Day 12: Columbus Day? Columbus DON'T!

Certain favorite bloggers of mine have taken up the assignment of blogging 31 days in a row (#write31days), and in an attempt to re-galvanize my own writing, I decided to join in the fun. The idea behind this particular blog-a-thon is to be as real and vulnerable as possible, which is (almost) always a healthy exercise. I've tried blogging marathons in the past (to varying degrees of success), and my seminary schedule does not allow for much flexibility. so the process may be fitful or short-lived, but it couldn't hurt to try!

Day 12: Columbus Day? Columbus DON'T!


I understand that, as of my posting, this whole conversation is a bit done to death. But considering how few people will read it anyway, I might as well air my thoughts on the matter.

Columbus was not a hero. He was not a visionary. He was not the first man to reach the "New World", nor was he even the first European to do so. I understand the impulse to mark our history with a day to commemorate the settling of our land, but to do so by highlighting Columbus, a man who oversaw the slaughter, rape and humiliation of countless indigenous people, pours salt into a wound that is still healing: the white-indigenous tension in our country.

In terms of people groups who got the shaft in our collective history, Native Americans are way up there. Right near the top of the list with Jews and African Americans. In fact, while the latter two communities managed by the grace of God to maintain some semblance of culture and community after their abuse by the white powers of the past and present, Natives today must cling to the vestiges of their customs, religions and cultures.

I say all this as someone who straddles the Native-white divide, as I am significantly Cherokee on my father's side. Granted, I can pass for white-white in my public life, and so recognize my access to white privileges and benefits, but I cannot suppress this other part of my heritage, nor would I want to. I have not always nurtured this part of myself but in truth it does mean something to me. I identify, if not wholly, with being Native.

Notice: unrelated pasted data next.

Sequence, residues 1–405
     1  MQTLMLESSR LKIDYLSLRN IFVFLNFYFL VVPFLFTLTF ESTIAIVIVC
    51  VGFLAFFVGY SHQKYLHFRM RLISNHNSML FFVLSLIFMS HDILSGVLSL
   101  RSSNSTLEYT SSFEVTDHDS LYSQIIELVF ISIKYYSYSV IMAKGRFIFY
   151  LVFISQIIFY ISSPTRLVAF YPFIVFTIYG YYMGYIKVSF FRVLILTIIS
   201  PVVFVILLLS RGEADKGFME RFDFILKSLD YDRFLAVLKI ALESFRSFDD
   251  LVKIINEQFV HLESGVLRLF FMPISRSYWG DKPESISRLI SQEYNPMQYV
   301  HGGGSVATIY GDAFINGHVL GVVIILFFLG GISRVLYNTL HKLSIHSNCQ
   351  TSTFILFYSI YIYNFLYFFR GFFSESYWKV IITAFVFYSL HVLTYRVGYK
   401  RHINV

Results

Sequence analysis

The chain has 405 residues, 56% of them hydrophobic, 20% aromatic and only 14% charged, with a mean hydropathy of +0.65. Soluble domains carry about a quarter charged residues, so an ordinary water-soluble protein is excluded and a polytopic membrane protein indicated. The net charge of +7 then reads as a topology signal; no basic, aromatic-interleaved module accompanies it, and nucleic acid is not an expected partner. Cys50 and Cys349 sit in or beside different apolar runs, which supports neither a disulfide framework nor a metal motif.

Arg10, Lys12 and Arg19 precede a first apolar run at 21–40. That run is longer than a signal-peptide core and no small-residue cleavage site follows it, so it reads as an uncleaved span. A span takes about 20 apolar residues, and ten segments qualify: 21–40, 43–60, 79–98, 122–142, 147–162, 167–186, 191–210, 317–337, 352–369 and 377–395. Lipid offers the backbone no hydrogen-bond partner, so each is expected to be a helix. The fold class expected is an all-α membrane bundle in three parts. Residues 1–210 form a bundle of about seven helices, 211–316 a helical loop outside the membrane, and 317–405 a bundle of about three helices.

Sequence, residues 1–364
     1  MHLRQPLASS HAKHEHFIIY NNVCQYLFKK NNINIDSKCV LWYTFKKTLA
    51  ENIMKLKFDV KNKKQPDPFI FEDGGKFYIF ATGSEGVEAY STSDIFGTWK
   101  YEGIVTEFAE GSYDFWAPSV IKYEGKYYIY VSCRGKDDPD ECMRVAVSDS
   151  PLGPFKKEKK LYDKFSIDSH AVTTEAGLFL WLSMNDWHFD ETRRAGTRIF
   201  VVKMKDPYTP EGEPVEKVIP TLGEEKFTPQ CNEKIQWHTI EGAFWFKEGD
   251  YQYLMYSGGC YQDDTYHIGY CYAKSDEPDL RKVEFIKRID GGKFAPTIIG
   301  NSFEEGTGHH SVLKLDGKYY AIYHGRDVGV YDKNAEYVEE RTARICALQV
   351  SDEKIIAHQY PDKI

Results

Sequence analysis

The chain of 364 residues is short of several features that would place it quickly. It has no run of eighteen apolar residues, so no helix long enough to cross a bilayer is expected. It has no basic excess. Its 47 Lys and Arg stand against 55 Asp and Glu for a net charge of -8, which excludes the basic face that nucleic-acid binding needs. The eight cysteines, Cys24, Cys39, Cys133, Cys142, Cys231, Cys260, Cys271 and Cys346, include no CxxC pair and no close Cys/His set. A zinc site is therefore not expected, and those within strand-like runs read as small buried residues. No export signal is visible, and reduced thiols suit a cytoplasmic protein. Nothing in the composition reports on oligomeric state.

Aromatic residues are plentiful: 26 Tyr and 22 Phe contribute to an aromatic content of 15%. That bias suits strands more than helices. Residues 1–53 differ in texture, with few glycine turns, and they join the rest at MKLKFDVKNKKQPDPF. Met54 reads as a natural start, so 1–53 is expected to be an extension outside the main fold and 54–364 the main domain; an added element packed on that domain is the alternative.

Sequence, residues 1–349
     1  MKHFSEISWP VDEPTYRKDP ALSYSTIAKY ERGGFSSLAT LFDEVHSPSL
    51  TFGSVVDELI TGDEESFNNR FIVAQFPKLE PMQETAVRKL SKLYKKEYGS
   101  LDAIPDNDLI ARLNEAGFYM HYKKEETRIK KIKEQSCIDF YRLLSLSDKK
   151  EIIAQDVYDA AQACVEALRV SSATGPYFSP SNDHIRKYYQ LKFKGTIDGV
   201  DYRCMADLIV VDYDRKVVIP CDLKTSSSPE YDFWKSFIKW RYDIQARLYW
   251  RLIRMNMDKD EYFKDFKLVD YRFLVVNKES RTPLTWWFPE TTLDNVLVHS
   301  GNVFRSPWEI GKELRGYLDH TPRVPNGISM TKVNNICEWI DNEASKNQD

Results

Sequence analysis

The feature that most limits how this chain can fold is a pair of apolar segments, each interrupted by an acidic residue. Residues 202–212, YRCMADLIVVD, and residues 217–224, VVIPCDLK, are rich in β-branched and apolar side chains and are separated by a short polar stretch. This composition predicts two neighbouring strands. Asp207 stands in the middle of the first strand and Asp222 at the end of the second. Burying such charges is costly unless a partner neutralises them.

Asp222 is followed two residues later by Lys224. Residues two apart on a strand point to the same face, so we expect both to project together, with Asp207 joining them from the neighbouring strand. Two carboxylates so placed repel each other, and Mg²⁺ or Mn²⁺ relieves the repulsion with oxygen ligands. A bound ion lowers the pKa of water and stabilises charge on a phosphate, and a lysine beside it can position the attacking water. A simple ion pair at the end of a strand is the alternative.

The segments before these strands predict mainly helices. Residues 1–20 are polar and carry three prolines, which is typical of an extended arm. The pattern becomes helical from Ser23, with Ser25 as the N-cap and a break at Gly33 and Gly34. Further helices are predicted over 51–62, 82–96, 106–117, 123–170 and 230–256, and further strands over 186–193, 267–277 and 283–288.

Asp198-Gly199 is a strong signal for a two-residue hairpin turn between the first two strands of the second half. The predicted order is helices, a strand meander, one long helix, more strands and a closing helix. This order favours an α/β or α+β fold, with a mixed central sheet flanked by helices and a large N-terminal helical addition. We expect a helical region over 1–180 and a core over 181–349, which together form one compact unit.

Now I know the Cherokee were not the people group whom Columbus decimated with his vicious campaign. I am not claiming heritage with the Bahaman natives from five hundred years ago. I would, however, admit to fuming when the slaughter of Natives is whitewashed so we can tell a Great Man-conquistador narrative about the settling of the Americas.

This indignation also comes with plenty of humility and shame, however, as I am moreso of Western European descent than I am Native American. As I mentioned, I benefit from white supremacy and Euro-dominant historical narratives by virtue of my apparent whiteness. And being white is nothing to be ashamed of necessarily, but it does mean I must recognize the blood of deeds done by my ancestors is still to some degree on my hands. The subjugation and murder of indigenous peoples, black slaves, and any number of other ethnic minority groups still shapes how our nation functions today. And things won't change automatically. We have to work against these systems, these legacies of blood and domination.

We have to.

And there are a thousand ways to start, but a decent one, literally the least we can do, is to not celebrate a tyrant, even a historically significant tyrant.

So happy Indigenous Peoples Day!

Screw Columbus.

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